By Carol Levy, Columnist
I had a friend who was diagnosed with lung cancer. We were all afraid for her. Not only because we feared for her life, but because of all the horrors we hear surrounding treatment for cancer.
She had surgery and a part of one lung was removed. When I spoke with her after surgery, I hesitantly flirted around the edges of the question: chemotherapy, radiation, how awful will it be for you?
My worries were unwarranted. Her answer was completely unexpected.
"I don't need anything else,” was her reply. “My doctor said, ‘You had cancer. Now you don't.’”
Wow. What strides they have made against this horrendous disease.
There is no question how feared cancer is, how dreadful the disease is and the possible repercussions -- from the cancer itself or as a result of the terrible treatments used against it.
The federal government throws huge amounts of money at cancer research and new treatments. As they must. Cancer scares everyone. It must be eradicated, if at all possible.
Cancer also costs the economy. Treating cancer in the United States cost nearly $125 billion in 2010 and is projected to reach $156 billion in 2020. The government would be accused of malpractice if they ignored this life and money devouring monster. And they don't. That is one reason my friend had it and then she didn't.
What is the economic impact of pain? Between $261 and $300 billion annually in healthcare costs alone. Add in lost works days and productivity, and the tab reaches $635 billion.
Estimates vary, but according to the American Academy of Pain Medicine, 76.2 million Americans have chronic pain, compared to 20.8 million with diabetes, 18.7 million with coronary heart disease and stroke, and 1.4 million with cancer. In other words, chronic pain affects more Americans than diabetes, heart disease, stroke and cancer combined.
So why is chronic pain ignored? Why do we continually have to fight for the dollars to fund research and development of new treatments? The National Pain Care Act languished in the U.S. Senate for many years with no action taken. Under the Affordable Care Act (Obamacare), it was finally incorporated as an amendment that calls for more pain education of physicians, and more dollars for pain research and the development of new treatments.
So where are the dollars? Where is the research? Where are the new treatments?
So far, they seem nonexistent. Instead, the one option that many pain sufferers have – opioid medication -- is being taken away. We are the whipping boys of the “opioid epidemic.”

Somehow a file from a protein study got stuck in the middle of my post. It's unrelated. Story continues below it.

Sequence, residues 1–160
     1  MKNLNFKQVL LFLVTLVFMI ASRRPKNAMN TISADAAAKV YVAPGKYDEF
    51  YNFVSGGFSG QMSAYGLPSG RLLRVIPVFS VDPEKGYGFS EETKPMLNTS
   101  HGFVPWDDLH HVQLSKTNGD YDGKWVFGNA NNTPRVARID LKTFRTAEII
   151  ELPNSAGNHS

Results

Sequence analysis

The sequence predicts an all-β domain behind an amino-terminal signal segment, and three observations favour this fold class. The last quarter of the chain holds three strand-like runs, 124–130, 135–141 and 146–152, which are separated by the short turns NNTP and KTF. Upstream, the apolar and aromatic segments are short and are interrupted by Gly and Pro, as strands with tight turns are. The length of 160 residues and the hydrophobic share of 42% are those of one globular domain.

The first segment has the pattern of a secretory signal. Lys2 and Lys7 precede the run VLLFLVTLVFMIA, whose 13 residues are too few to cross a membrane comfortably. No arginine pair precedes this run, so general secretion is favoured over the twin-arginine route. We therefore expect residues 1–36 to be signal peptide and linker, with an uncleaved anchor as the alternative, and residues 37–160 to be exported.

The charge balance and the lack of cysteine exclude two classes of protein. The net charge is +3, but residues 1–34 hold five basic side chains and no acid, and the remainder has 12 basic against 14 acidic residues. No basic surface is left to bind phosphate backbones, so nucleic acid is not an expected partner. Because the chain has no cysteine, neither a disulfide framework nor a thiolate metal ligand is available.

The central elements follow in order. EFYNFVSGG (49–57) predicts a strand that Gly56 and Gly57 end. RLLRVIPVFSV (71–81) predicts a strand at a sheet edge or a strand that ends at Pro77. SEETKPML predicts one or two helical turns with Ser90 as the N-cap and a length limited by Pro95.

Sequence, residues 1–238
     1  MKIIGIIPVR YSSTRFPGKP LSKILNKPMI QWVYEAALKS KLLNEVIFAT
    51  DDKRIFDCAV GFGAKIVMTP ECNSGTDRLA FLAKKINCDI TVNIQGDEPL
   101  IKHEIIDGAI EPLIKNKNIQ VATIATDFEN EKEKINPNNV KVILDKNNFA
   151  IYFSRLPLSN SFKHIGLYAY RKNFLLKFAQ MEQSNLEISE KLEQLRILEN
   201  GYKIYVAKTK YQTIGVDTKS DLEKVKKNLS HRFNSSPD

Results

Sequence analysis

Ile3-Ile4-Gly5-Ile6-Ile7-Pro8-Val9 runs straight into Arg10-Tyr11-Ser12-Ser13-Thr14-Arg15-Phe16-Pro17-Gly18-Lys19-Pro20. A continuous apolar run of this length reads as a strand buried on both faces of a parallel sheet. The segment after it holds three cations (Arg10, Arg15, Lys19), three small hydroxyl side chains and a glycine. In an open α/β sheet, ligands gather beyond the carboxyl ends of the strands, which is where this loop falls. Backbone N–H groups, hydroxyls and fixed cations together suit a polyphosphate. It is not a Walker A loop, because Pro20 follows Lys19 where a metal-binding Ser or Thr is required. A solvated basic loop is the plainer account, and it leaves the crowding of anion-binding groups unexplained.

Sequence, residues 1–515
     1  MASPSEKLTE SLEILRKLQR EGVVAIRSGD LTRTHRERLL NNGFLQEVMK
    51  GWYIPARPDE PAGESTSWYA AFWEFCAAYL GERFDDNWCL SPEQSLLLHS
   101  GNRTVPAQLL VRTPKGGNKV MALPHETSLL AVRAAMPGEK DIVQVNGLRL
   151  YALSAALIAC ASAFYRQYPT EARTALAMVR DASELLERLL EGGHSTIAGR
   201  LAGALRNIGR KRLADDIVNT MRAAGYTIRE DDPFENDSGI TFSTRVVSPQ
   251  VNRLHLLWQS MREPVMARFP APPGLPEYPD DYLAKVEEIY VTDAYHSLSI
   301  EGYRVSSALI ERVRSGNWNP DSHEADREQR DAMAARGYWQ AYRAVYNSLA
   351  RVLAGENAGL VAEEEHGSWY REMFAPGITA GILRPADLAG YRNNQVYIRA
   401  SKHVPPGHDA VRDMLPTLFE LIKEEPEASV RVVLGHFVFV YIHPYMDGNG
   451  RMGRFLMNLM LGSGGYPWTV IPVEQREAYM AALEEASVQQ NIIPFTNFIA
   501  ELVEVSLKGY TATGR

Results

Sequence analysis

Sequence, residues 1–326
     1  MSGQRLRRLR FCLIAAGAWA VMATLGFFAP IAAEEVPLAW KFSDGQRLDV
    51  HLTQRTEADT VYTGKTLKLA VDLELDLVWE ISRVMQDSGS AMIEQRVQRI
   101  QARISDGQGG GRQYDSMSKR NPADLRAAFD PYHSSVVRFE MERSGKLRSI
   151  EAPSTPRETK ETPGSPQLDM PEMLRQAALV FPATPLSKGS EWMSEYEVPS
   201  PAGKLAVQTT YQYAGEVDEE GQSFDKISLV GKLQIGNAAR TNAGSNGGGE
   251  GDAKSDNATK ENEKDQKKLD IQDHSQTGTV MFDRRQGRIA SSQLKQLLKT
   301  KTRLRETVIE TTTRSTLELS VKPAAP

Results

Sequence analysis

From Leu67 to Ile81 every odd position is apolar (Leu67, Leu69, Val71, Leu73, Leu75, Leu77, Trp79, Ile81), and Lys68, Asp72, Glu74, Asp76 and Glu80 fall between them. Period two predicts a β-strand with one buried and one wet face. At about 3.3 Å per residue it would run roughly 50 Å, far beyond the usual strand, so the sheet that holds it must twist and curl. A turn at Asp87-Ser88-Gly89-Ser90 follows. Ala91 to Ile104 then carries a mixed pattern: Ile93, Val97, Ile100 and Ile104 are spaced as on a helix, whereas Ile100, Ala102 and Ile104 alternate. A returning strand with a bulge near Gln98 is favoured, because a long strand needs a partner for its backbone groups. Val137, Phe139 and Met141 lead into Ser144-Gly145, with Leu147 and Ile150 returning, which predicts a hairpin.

Many of us have been helped by opioid medication. Some are less disabled by pain. Some are helped enough to continue working and pay taxes, reducing our drain on the economy.
This should be celebrated and expanded, by giving us access to medications that provably help, at least until other treatments become available. But instead of assisting us in improving our lives, the government is giving us policies and “guidelines” antithetical to helping the chronic pain community. The consequences of these dreadful policies – higher healthcare costs, more disability, lost quality of life, and suicide -- are being ignored.
Is that because it makes for better headlines when politicians scream about the so-called opioid epidemic?
There is no doubt there is a big problem with the overuse, abuse and illegal use of narcotics. But we are not the bogeyman in this fight. Less than one percent of opioid medication that is legally prescribed falls into the wrong hands.
If they truly wanted to help the country, they would look seriously at the consequences of making us the bad guys. Many of us who were doing better as a result of opioids have been forced to reduce our dose or are no longer able to get a prescription. It’s not saving lives and it’s not preventing addiction. Look at how the overdose numbers keep rising. This is a benefit to no one. Not for us as individuals or to the country as a whole.
Our pain is invisible, but so too are cancer, diabetes, heart disease and many other conditions. Insulin is okay. Statins are okay. Chemotherapy is okay. Opioids are the devil.
The devil, as they say, is in the details. And the details are very clear. Opioids help pain patients. They allow us to help the country. We keep looking for a way in, to make our voices heard. Maybe we should make patriotism our rallying cry. When you hurt us, you hurt the country. Help us help America.
Until the government, DEA, CDC and politicians can find other ways to reduce or even eradicate chronic pain, take us off your list of opiate abusers.
Carol Jay Levy has lived with trigeminal neuralgia, a chronic facial pain disorder, for over 30 years. She is the author of “A Pained Life, A Chronic Pain Journey.”
The information in this column should not be considered as professional medical advice, diagnosis or treatment. It is for informational purposes only and represent the author’s opinions alone. It does not inherently express or reflect the views, opinions and/or positions of Pain News Network.